Um, I want the user not to move when he presses the directional keys. When var/train=1.

I know it has something to do with client.Move() because i did this before but i forgot. Please post a little to help me remember.
In response to A.T.H.K
That will fail always.
if(train) return 0
return ..()
In response to Popisfizzy
Right, Thanks for both of your responses.
In response to Lcooper
Perhaps you'd like a little explanation of how that works, though?
..() means "call the parent procedure" (if there is no actual DM parent, and the proc is a built-in one, it will call the original built-in version of the proc). It's used in an override to call the actual "main" proc itself (of course, it has no effect in an initial proc definition). Pop's code stops the procedure and returns false (0) if train is true, this is to notify the caller of the proc (Move()) that the movement failed, as per the original proc that also does this. This allows the caller to easily know if the Move() failed or not. If train is false, though, it returns the value of the parent proc (which is also an indicator of whether the move succeeded or not of course), carrying out the actual movement in the process (since the code under the if() has return which stops the code, the code under it will only run if the if() failed).

It would probably be a good idea to override client/Move() instead of mob/Move() for this, because the former is only called when a player attempts to move through a movement command, but the latter is called whenever any mob ever tries to move, which might cause some code in your game to fail, so bear that in mind if you stay with mob/Move().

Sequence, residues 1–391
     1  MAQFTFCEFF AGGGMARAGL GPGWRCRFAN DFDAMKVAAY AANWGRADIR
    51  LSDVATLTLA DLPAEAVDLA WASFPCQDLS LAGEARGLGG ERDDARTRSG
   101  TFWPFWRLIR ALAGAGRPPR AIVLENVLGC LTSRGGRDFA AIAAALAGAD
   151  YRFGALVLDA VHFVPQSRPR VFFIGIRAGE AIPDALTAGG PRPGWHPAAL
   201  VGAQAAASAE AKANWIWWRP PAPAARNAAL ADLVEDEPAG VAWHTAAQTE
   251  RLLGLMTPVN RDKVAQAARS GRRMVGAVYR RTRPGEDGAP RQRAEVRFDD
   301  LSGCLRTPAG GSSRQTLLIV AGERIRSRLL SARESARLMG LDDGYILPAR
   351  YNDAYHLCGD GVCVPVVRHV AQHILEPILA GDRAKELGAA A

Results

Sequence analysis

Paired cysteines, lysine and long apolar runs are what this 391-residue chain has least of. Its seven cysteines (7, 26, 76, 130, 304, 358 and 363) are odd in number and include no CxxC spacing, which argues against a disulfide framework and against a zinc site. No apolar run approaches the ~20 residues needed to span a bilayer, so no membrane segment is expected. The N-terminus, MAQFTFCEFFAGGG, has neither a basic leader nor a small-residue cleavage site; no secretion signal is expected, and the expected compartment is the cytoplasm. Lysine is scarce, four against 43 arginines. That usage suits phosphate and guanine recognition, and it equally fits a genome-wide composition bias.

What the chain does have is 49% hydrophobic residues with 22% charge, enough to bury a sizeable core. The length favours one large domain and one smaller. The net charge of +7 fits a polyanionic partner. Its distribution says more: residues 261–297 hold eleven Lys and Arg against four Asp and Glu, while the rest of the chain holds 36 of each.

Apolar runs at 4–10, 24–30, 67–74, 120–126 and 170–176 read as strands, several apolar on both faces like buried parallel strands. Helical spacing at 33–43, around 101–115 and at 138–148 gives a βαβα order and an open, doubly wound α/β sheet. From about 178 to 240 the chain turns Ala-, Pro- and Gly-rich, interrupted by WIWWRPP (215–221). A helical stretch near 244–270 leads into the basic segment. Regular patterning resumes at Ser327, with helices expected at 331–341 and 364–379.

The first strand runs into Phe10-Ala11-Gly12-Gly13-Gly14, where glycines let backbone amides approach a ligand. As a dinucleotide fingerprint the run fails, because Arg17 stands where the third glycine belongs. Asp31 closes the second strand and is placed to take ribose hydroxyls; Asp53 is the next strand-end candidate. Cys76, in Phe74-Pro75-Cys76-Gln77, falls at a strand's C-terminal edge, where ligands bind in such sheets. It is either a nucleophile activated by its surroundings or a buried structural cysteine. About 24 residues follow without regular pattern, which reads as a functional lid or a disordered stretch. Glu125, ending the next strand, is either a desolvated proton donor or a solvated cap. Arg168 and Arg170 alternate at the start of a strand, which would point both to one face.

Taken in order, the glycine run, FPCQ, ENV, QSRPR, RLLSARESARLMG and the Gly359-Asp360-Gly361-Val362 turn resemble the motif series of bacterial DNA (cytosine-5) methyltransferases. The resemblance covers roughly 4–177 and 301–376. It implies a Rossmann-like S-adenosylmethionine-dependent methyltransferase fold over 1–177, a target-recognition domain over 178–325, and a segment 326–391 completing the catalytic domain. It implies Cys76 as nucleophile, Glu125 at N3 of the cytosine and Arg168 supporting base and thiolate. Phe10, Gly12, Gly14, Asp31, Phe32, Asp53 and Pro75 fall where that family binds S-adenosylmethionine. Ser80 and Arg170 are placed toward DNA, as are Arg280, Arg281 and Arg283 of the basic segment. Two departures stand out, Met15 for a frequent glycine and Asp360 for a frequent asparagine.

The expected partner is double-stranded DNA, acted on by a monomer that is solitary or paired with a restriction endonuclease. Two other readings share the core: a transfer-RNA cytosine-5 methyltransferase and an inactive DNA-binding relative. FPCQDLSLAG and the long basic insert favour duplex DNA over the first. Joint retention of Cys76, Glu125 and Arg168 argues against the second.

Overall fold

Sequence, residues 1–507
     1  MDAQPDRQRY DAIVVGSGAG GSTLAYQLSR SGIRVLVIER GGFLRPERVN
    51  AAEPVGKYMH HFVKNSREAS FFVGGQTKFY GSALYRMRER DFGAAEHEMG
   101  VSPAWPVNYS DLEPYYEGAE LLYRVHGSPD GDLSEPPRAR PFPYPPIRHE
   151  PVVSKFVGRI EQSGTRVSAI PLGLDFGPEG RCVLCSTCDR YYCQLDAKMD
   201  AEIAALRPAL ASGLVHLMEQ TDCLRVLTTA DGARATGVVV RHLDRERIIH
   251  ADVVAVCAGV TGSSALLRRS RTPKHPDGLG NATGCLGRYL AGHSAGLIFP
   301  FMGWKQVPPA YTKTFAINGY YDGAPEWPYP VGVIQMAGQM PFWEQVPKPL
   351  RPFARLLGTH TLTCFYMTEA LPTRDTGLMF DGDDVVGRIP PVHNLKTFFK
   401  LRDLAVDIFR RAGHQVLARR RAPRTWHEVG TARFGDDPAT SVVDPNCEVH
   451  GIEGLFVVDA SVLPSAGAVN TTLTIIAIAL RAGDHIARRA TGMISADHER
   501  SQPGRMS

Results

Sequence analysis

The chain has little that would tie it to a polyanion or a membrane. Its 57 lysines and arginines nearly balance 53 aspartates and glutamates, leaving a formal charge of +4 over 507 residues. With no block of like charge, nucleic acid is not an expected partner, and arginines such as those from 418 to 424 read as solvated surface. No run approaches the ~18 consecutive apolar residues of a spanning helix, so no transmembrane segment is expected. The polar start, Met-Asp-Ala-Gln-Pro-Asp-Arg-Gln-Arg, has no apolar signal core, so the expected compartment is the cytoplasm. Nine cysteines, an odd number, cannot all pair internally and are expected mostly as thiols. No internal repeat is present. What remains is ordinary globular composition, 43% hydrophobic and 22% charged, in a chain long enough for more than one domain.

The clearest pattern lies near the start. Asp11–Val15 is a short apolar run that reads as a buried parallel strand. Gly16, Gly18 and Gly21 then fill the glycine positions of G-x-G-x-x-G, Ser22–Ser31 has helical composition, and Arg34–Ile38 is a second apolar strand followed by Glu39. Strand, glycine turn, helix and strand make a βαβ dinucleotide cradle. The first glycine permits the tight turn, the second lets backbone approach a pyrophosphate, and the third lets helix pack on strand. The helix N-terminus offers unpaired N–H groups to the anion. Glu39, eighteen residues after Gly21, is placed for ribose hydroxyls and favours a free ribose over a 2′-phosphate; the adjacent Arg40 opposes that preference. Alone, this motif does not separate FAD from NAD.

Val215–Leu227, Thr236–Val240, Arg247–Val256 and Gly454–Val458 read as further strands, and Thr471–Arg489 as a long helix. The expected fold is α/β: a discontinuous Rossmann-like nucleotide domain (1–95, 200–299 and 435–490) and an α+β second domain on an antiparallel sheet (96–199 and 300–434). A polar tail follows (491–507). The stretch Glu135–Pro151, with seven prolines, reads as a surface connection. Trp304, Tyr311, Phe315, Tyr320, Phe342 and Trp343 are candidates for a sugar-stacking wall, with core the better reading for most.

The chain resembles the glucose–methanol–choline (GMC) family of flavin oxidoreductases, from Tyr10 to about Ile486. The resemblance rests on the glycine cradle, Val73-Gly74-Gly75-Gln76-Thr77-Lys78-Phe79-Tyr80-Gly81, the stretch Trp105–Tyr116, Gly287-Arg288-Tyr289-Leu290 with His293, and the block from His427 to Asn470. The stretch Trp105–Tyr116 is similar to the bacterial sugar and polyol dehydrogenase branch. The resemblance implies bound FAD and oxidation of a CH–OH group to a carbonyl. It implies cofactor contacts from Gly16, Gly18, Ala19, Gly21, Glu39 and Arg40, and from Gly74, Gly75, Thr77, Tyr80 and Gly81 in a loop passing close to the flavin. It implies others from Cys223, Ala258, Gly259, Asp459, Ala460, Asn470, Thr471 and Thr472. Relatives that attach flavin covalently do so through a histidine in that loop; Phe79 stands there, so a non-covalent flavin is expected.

In response to Kaioken
Also, I'm guessing this is for when a mob is training (or on a train XD), you should implement a lock var instead of a new var for every single thing in your game that blocks a player's movement.
(use client like he said.)
if(src.mob.locked)//instead of train
return 0
In response to Naokohiro
Sure, but, this isn't really rocket-science to figure out, or any difference in the current code apart from the variable name. =P
And pay attention to return ..(), it is important to have, otherwise the return value is lost and the caller will falsely think the movement failed even if it may have succeeded (if you don't return anything, null, which is false, is returned by default).
In response to Kaioken
You don't need to return it, my code works fine like this:
return 0

Unless you had something like if(client.Move()) for some reason...
In response to Naokohiro
Naokohiro wrote:
You don't need to return it, my code works fine like this:

You don't need to do it for that proc itself to work. But you possibly need to do it for other procs to work, properly that is.

Unless you had something like if(client.Move()) for some reason...

The fact the original client/Move() procedure returns the success (or lack of it) is enough for you to make your code robust and pass it on as well. Code should be flexible, sturdy and avoid potential problems or inconsistencies.
Also, calling client/Move() 'for some reason' whatever it may be can be perfectly valid, like calling the mob/obj version is. It would probably be the better choice if you're making a "custom" movement command (verb) of some kind, and as such.
In response to Kaioken
Alright, I understand, I just had no use for it.
Guess, I'll add that to my code as well...